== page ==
When we got to Mina Gallo (about 7 hours walk from Mina Piojo, but stopping off on the way), we met up with the three folk we'd started our journey with. They'd been off doing workshops in various villages, and this time I got to observe them.

There was a bloke from Cartegena who owned a consultancy company that had got government funding for this work. The three of them did a workshop each.

I watched the presentation on the environmental and health effects of gold mining, and what simple measures people could take. What I think I understood, is that rather than evaporating off the mercury from the gold, when so much of it escapes and pollutes, they should add 1 litre of water and 10g of salt, attach to a 12v battery, and separate by electrolysis.

Only about 10 people had turned up (which led to a fair bit of moaning from the Cartegena bloke before they started), but those that did were 100% engaged in the topic and asked loads of questions. At one point someone said that miners there had a particular method there they took the ground-up rock/gold/mercury mixture in their hand and spat on it and rubbed it for the gold to came out. Given the toxic qualities of mercury that had just been explained (using a case study I remembered from biology A level, plus a congenital defect example from a nearby village where a baby had been born with no arms), should they be using gloves?

They all had a bit of a laugh about how difficult it would be to get people to change their habits and start wearing gloves. Apparently the response would be "And are you going to live forever?" I felt totally stunned by the concept that anyone rubs mercury into their skin on a regular basis.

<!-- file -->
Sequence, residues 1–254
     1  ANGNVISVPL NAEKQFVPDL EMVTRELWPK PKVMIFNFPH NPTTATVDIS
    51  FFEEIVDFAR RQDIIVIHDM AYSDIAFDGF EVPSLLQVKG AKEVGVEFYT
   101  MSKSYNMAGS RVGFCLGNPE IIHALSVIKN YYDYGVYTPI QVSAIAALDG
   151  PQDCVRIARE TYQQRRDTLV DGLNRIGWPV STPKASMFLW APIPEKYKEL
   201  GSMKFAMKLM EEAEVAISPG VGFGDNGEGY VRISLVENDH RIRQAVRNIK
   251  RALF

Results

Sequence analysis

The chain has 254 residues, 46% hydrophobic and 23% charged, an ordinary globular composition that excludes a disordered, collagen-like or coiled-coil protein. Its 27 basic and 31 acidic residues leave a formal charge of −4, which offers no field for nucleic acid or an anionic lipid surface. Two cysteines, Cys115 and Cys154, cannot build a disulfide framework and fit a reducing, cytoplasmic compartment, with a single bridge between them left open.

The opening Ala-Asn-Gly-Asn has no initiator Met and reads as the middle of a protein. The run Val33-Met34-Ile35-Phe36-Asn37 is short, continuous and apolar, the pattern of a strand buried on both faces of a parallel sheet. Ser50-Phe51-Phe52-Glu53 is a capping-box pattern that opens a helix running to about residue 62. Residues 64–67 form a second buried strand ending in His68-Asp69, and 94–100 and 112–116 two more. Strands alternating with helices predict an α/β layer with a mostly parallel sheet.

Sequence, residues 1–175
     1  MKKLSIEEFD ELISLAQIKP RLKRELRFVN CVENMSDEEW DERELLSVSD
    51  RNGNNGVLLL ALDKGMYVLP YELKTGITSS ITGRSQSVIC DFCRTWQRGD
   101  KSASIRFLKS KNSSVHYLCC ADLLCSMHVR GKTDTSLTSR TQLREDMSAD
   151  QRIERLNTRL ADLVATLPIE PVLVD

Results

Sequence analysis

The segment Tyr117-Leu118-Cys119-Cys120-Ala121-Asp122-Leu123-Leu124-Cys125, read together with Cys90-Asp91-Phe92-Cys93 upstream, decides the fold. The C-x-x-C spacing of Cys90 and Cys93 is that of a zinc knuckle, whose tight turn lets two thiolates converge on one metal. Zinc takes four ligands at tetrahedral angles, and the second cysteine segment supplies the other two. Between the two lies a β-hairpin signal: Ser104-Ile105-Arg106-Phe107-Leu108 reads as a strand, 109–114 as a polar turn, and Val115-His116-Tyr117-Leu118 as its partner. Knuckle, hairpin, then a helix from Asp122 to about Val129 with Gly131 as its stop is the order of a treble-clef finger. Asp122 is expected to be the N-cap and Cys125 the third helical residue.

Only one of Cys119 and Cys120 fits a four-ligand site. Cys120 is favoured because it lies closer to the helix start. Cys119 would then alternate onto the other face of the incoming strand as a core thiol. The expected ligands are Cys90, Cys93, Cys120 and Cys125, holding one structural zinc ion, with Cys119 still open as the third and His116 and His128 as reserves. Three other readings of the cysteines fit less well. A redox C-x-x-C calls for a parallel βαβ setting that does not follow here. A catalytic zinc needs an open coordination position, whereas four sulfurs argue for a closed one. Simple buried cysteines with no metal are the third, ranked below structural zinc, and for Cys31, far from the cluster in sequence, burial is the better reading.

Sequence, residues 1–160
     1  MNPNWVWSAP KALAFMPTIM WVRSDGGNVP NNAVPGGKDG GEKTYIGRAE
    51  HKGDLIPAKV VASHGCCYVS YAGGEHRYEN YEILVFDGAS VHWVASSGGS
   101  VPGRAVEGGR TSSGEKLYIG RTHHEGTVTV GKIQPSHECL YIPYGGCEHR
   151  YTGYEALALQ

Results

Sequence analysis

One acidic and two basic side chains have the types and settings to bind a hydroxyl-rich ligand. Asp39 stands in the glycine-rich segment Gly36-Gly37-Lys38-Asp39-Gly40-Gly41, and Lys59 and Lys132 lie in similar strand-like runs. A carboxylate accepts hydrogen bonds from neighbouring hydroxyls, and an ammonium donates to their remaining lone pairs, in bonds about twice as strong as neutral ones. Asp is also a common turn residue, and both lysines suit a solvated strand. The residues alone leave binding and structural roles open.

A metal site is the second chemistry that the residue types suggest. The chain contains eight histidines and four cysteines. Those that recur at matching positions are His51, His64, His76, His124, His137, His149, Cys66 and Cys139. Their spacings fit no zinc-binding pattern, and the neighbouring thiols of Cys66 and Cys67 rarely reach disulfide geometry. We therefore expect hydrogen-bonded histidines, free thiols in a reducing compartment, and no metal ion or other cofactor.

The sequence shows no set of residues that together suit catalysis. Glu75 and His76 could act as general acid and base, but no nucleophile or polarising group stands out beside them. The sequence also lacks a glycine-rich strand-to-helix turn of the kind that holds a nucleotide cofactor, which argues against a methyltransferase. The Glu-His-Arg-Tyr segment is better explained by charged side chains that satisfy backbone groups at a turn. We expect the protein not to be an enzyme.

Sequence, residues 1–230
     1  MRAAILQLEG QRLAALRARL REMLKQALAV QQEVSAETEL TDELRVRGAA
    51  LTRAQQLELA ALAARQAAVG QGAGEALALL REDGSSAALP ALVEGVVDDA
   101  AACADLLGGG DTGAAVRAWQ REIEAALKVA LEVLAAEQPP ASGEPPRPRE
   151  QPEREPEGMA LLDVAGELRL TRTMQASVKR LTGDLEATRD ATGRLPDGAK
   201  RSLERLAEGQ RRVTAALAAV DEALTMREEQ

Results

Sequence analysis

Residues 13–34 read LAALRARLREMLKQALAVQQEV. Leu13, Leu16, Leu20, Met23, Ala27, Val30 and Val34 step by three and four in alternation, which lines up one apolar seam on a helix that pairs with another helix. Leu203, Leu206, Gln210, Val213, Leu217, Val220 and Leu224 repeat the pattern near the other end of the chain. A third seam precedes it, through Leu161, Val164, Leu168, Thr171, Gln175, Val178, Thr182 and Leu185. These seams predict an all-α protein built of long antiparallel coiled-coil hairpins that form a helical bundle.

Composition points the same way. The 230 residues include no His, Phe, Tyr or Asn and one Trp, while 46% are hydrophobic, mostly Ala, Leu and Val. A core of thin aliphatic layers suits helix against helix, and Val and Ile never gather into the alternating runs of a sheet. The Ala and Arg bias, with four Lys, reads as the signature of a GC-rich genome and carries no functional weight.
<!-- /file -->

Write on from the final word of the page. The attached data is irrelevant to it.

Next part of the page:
The afternoon's presentation was about environmental law and was lots less engaging. I missed the planning workshop the next day, but it sounded brilliant. Apparently the lecture about attendance had worked and everyone did bring at least one other person. The part where they analysed what the problems of the community were, and what could be done about it went particularly well. Sometimes groups focus on how everything is the responsibility of the state, but this group was much more empowered and hatched lots of plans.

That night, I had a bigger interview panel for a "tell us all about your country" session. They said their impression from films was that everything was totally perfect. They wanted to know in particular about how the issues that most affected them compared: the strength of trade unions, suicide rates, drug and lottery addictions, poverty, hunger and racism. What seemed to concern the two men in their 50s the most was pensions, given that they were looking at a near future with no income.

The next day we walked 4 1/2 hours back to La Punta, and got the jeep to Santa Rosa. From the countryside with its one-channel reception unifying everyone's television experiences, I was back in a hostel watching a Prison Break marathon. However I had to be called away to go get dinner before it got dark, as apparently a couple of months ago there was quite an outbreak in violence between demobilised paramilitaries and drug traffickers, resulting in a few deaths a night for a while. Up til that point it had seemed like a quiet, quite dull, small country town. But the bloke from the NGO said he'd not like to travel through it on his own cos of all the ex-paramilitaries floating about. The town had obviously recovered though, and there was plenty of life on the streets after dark.

During my time in the countryside, the thought occurred to me "Will I see fireflies?" Which I didn't, until the night bus back to Bogotá, where I got a proper light show for the bit when I wasn't sleepy.

How mining communities organise